In 1983, a living legend of Balinese dance created a theatrical performance titled Stri Asadhu. A section of this fine performance highlights the daily activities of shepherds, but the plot thickens. The story begins with the shepherds busily working, when a lady comes asking for milk. A shepherd agrees to give the milk to the lady but only with the condition that the lady must marry him first.
Then the lady, who is actually a goddess in disguise, Kali, the wife of Lord Shiva, went back and brought the milk to Lord Shiva. She told her husband that a shepherd gave it to her for free. Shiva was angered by this, as in truth, it was he himself disguised as the shepherd who gave the goddess milk in order to test her honesty. The dance however, does not narrate the whole mythology, rather it illustrates the joy of the quiet shepherds and their everyday lives.
Later on I Nyoman Suarsa, another dance choreographer, further developed this part of the performance and created a new choreography titled Gopala. Gopala is an ancient Javanese word, in the Kawi language, meaning shepherd. A group consisting of four to eight male dancers, usually kids or teens performs the Gopala dance. The dance depicts the activities of a group of shepherds who are watching their herds in the pasture.
Therefore the dance routines are slow, relaxed, showing the casual behaviour of the shepherds playing with one another and keeping their herds together. Each routine tells a story: when the dancers’ right hand moves up and down, as if they are really cutting the grass to feed the cows or when they’re carrying grass upon their shoulder. They also move around the stage, performing a sequence of movements as if they are running freely chasing each other within a prairie.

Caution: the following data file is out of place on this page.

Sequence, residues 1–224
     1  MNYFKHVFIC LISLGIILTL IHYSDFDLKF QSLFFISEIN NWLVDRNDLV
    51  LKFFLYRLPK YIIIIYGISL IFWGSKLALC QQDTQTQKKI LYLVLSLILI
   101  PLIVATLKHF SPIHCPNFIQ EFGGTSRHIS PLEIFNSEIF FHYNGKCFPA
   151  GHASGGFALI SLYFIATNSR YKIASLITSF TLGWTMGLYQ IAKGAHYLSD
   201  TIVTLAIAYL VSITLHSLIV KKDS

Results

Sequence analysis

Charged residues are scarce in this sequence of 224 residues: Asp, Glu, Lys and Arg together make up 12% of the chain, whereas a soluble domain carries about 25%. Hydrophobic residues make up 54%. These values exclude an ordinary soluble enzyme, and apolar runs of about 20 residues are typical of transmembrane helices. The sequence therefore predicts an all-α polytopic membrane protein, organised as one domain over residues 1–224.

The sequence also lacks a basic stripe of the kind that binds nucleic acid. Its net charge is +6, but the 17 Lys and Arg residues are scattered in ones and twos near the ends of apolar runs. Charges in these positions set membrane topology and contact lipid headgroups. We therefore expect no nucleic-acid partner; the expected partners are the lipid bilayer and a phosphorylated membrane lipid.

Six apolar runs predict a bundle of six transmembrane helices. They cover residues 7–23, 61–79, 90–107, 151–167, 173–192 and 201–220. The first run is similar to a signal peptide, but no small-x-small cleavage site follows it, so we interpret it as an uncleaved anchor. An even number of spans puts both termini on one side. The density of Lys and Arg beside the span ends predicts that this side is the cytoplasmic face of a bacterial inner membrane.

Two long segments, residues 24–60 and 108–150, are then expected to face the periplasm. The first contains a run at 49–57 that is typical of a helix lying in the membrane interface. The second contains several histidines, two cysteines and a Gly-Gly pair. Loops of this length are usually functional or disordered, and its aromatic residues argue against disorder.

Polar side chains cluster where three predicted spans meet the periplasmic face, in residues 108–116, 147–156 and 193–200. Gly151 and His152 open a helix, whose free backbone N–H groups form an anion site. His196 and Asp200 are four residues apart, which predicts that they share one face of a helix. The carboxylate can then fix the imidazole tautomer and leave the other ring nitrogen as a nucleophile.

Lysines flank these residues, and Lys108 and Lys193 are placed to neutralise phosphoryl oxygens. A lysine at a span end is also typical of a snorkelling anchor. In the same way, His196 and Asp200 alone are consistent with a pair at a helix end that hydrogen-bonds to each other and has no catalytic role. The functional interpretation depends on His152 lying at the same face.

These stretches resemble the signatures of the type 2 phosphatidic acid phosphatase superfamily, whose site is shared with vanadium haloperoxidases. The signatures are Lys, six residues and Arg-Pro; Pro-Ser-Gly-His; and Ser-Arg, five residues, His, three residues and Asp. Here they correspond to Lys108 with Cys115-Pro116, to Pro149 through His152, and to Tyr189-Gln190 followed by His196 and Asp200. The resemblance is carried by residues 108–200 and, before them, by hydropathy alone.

The routines are taken from the basic routines of the dances of Bali. Some basic moves like agem, the basic pose where a dancer stand stills with both arms lifted; and tandang, the basic walking gesture. These two still dominate the whole performance. Through the way the dancers perform these basic routines, the audience are able to appraise the ability and skill of each dancer.
I recently watched this dance at Pura Dalem Ubud, a temple located at the heart of the island’s cultural village. The Jegog, a harmonious bamboo orchestra originating from Jembrana Regency, West Bali, accompanied the dance performed by Yowana Swara dance troupe. This group of dancing teens were skilful, really ‘living’ the dance. Like actors they portrayed their characters well, their facial expressions changing from routine to routine. Through their talents, one could actually feel the very scene they were illustrating, bright happiness on a sunny day, despite the fact the performance was done at night.
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Kartika D. Suardana
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